For post–Second World War Scarborough, the Golden Mile lived up to its billing. A mixture of farmland and munitions plants along Eglinton Avenue between Victoria Park Avenue and Birchmount Road turned into a pot of gold for the municipal tax coffers.
It also fulfilled the 1950s suburban dream of living and working in wide open spaces. A beacon of modern prosperity, Queen Elizabeth II made a stop at Golden Mile Plaza’s Loblaws store during her 1959 royal visit.
Scarborough Township purchased 225 acres of GECO’s wartime production facilities in 1948 with an eye to increase its tax base to fund anticipated growth. Within a decade, the Golden Mile boasted industrial plants owned by major manufacturers, including Frigidaire, Inglis, SKF and Thermos, which created tens of thousands of jobs.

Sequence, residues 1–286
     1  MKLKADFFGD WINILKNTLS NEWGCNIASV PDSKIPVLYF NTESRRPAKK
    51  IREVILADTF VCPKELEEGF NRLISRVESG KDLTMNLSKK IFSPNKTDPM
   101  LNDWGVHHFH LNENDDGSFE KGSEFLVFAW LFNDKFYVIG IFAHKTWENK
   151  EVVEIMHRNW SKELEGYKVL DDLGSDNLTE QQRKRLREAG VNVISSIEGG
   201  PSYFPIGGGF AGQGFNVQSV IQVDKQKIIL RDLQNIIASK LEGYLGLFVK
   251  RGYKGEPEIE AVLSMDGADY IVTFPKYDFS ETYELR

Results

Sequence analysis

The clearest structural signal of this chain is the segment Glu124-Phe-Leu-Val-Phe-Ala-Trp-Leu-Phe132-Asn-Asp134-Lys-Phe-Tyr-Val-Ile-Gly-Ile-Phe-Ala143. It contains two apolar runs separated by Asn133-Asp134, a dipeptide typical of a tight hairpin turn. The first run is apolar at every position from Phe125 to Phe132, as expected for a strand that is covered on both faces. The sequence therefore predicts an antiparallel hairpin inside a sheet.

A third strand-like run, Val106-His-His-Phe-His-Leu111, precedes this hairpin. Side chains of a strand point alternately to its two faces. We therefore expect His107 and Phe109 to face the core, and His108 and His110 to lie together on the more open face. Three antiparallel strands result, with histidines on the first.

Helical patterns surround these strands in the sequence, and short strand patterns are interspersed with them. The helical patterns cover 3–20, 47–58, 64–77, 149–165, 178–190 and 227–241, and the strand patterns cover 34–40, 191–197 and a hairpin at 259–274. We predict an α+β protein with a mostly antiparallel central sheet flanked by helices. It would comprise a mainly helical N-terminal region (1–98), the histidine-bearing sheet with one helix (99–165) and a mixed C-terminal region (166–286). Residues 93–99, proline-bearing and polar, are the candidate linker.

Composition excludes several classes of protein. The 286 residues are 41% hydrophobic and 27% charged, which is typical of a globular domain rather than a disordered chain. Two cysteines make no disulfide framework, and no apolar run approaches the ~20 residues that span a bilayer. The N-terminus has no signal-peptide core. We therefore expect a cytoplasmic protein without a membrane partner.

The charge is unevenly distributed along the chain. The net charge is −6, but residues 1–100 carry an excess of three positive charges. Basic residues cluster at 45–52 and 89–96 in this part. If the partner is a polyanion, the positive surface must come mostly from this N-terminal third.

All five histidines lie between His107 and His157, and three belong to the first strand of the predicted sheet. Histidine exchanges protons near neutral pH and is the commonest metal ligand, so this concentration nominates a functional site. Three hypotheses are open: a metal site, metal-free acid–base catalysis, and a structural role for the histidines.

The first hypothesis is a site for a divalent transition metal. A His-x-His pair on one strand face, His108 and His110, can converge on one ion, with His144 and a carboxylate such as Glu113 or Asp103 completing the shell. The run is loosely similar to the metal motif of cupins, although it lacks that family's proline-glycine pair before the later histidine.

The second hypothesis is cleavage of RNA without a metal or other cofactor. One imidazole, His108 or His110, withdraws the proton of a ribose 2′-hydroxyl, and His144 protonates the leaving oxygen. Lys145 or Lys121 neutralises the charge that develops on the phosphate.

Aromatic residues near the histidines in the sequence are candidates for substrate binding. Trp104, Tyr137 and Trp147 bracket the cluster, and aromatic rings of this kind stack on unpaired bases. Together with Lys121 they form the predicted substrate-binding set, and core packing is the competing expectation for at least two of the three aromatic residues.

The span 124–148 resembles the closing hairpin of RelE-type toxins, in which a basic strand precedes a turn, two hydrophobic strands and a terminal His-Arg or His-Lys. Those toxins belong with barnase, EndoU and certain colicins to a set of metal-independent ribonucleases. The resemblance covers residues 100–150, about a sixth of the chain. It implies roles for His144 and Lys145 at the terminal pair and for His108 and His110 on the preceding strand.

While the east end of the Golden Mile focused on industry, the west became a retail hub. Golden Mile Plaza was the largest strip mall in Canada when it opened in 1954, and was complemented by Eglinton Square to its south. Golden Mile Motors became one of the busiest General Motors dealerships in the country. Many of those vehicles were driven off the lot into the subdivisions that spread across Scarborough to house the influx of workers, who boosted Scarborough’s population from 25,000 in 1945 to nearly 250,000 by 1964.
By Jamie Bradburn